Beautiful & Bizarre Bookstores of the World
The Best Places for Bookstore Browsing
Directory of Rare & Antiquarian Booksellers
Literary Tourist
Rare and Antiquarian Book Vendors
Six Cool Bookstores
Weird and Wonderful Bookshops of the World
The world’s most inspiring bookstores

Australia

Australia’s best independent bookshops

Canada

Best Bookstores to Visit in Canada

Europe

Bookshops in Berlin
Bookstore Guide – an amateur guide to book shopping throughout Europe

UK

The 50 Best bookshops
50 best specialist bookshops in the UK
Book & Kitchen Ltd. (London)
The London Bookshop Map
One Book on the Shelf (London)
The Verdicts | The Matilda Project (London)

USA

7 Bookstores We Love in America’s Most Literate City (Washington, DC)
The 10 Best Bookstores In NYC
10 Bookstores in 10 Literary Cities That You Don’t Want to Miss
African-American bookstores
America’s Best Bookstores
Bookstore Maps
Comic Shop Locator Service
Find Any Book Imaginable at These Fifteen Indie Bookstores (NYC)
Indie Store Finder
New bookstores in NYC 2013: The best independent additions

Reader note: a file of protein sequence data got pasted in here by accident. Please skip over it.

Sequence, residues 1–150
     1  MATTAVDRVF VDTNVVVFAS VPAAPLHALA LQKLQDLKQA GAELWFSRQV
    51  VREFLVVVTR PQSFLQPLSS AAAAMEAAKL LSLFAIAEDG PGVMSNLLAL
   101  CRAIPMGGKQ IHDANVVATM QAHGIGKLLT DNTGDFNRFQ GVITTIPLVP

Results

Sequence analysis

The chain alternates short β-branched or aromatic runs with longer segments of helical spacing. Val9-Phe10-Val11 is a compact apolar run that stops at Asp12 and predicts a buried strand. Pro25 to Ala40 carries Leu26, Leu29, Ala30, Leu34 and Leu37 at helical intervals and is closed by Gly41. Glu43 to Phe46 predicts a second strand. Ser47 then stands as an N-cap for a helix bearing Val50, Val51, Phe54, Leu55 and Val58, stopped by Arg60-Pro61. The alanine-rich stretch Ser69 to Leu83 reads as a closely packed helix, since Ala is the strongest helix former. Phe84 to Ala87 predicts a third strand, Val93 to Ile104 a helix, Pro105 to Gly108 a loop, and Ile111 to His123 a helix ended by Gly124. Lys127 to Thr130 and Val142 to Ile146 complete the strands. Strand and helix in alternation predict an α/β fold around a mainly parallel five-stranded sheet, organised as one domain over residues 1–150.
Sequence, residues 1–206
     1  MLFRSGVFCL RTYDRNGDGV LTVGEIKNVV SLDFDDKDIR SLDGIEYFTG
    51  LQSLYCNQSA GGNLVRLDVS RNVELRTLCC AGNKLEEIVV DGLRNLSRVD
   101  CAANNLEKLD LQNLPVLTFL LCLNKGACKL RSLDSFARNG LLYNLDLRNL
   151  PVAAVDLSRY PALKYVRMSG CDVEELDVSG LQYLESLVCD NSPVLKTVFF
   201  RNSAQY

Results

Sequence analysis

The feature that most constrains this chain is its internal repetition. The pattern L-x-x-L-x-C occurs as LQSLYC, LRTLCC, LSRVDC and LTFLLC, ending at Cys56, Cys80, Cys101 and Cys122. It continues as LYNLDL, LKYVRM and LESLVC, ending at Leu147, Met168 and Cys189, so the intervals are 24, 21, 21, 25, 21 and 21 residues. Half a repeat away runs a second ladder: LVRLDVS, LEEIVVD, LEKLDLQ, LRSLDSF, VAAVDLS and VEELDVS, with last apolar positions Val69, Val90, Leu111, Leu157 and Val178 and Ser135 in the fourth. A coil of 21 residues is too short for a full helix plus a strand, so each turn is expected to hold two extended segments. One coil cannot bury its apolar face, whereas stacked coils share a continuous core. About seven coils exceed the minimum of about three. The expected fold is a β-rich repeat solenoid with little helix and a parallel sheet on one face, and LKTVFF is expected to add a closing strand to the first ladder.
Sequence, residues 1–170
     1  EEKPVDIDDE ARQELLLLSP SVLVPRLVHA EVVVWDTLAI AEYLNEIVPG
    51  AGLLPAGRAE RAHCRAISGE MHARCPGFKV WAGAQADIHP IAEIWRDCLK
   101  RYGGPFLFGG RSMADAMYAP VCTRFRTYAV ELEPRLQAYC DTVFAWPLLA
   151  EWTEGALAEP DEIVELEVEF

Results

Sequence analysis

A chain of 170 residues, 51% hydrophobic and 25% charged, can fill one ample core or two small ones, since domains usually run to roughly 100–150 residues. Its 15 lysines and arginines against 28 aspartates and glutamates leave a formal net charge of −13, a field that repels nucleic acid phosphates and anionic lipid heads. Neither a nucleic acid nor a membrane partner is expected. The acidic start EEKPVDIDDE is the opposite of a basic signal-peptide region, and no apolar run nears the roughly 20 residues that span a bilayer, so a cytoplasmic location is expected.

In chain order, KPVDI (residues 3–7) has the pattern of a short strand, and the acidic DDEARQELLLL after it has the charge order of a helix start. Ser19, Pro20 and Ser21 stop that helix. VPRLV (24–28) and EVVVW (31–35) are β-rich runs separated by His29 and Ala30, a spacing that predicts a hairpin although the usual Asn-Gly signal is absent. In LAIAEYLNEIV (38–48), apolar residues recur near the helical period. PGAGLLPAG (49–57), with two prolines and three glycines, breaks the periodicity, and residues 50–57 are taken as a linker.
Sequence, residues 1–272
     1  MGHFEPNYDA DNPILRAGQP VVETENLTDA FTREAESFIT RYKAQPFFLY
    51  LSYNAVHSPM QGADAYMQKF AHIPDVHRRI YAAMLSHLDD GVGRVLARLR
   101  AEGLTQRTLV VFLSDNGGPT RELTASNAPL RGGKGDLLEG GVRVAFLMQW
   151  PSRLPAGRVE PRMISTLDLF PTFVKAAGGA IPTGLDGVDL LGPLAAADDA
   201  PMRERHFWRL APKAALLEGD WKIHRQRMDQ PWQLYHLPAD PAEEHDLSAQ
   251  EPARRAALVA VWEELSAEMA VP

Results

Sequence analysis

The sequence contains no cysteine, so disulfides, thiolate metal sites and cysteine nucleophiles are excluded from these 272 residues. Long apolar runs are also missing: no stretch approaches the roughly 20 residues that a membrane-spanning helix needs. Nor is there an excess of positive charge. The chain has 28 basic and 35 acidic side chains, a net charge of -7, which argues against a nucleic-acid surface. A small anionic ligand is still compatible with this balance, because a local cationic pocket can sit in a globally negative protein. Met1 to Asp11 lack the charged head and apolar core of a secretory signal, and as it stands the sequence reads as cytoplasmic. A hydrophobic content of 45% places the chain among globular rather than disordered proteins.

Take Your Child to a Bookstore Day
What Do NYC Bookstores Have that London’s Lack?

Recognition for Miha Mazzini’s novella The German Lottery

Mon, 11 Nov 2013

Good news comes from the lovely little publisher CB editions in London:

Miha Mazzini’s The German Lottery is on the IMPAC Dublin longlist, announced today. It’s translated from the Slovenian. It’s one of those books that flies under the radar of the reviewing machinery…

THE GERMAN LOTTERY by Miha MazziniThere are 152 nominees for the International IMPAC Dublin Literary Award, the winner of which will be announced in 2014. Dublin City Public Libraries manages the award process. This is the second time Mazzini’s fiction has been nominated for the prize.